Make Them Hear You

A few weeks ago, I shared a story about a revelation that helped me find my voice. After that revelation, I was volted with inspiration to change. Without change, can anyone be successful?

Maya Angelou is the epitome of someone who changed and decided to own her voice. After experiencing a traumatic incident at age eight, Maya Angelou fearfully vowed never to speak again. She kept that vow for five years, speaking only to her older brother. At age 13, a teacher and family friend encouraged her to speak again. That was her floodgate. Maya Angelou became a dancer, an educator, an author, a powerful poet, an actress, a playwright, an activist, a motivational speaker, a producer, a director, and the winner of several prestigious awards. She once said this about timidity:

Timidity makes a person modest. It makes him or her say, ‘I'm not

worthy of being written up in the record of deeds in heaven or on earth.’

Timidity keeps people from their good. They are afraid to say, ‘Yes, I

deserve it.’

Imagine if Maya Angelou had stayed quiet.

I’m choosing not to stay quiet. I choose to own my voice.

I want to share with you some tips that I am following. These tips can help whether you want to improve the quality of your voice, how often you speak, or the level of confidence you have while speaking in stressful situations.

Tip 1: Seek feedback.

Ask people you trust if they perceive that you own your voice. My Full Potential Coach gave me incredible feedback I’d never expected to hear. While I figured that in conversation, if I could hear myself, others should be able to hear me, my coach observed that I sounded as though I were talking only to myself. This let me know I should work on the volume of my voice.  

Caroline Goyder shared these next few tips in her TED Talk, “The Surprising Secret to Speaking with Confidence”:

Tip 2: Practice.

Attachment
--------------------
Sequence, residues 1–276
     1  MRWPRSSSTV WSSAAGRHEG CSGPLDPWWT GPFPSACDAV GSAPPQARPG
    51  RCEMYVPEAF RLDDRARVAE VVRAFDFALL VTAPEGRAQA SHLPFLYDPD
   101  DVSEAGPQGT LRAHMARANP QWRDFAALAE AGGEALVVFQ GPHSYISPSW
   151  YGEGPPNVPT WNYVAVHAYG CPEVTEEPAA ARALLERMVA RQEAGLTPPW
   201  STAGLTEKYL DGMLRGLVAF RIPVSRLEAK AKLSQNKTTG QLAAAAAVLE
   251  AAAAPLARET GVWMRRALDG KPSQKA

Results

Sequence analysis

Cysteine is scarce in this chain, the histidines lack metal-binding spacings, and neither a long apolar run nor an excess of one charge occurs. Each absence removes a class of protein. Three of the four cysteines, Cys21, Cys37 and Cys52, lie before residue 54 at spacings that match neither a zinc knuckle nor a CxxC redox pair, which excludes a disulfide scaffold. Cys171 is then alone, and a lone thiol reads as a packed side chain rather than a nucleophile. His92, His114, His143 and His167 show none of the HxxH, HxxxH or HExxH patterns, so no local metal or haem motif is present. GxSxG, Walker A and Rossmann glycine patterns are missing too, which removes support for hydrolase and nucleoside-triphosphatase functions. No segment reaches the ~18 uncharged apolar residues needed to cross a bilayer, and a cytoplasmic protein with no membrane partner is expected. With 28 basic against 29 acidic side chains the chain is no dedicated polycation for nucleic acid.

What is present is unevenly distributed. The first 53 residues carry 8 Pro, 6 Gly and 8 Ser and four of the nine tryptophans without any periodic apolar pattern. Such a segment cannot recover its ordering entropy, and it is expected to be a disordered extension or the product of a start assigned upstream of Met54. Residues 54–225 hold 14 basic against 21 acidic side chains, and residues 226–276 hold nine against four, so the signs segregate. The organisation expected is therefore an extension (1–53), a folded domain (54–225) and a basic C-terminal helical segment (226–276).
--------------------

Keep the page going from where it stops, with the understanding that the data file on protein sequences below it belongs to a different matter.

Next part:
Think of your voice as an instrument. Just as you’d practice the piano to improve your skill, you can practice speaking to improve your voice. Practice talking aloud to yourself, to a friend, or to a speaking-voice coach. Singing can help also. I sang in college and recently joined the choir at my church.

Tip 3: Use your diaphragm.

Your diaphragm is a muscle in your lower rib cage that is crucial to respiration. Breathing from there helps you be calmer and more confident in stressful situations. Speaking from there will help your voice sound louder and stronger.

Tip 4: Breathe.

Inhale, think confidently, and speak on your exhale.

Amy Cuddy shared this last tip in her TED Talk, “Your Body Language May Shape Who You Are”:

Tip 5: Power-Pose.

A power-pose is a posture that is associated with people of power. Think of a CEO or Wonder Woman. Cuddy’s study suggested that not only does our posture affect how others think and feel about us; it affects how we think and feel about ourselves. Do a power-pose for at least two minutes in the restroom or anywhere private before a stressful situation. Open your arms wide, separate your feet, or prop them up, instead of touching your neck, slumping your shoulders, or touching your elbows.

Some say, “Fake it ‘til you make it.” Cuddy says, “Fake it ‘til you BECOME it.”

So, instead of dreading the words, “I can’t hear you,” make them hear you. Be bold, and own your voice. 

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Topics: Perspective, Communication, Feedback, Positive Energy

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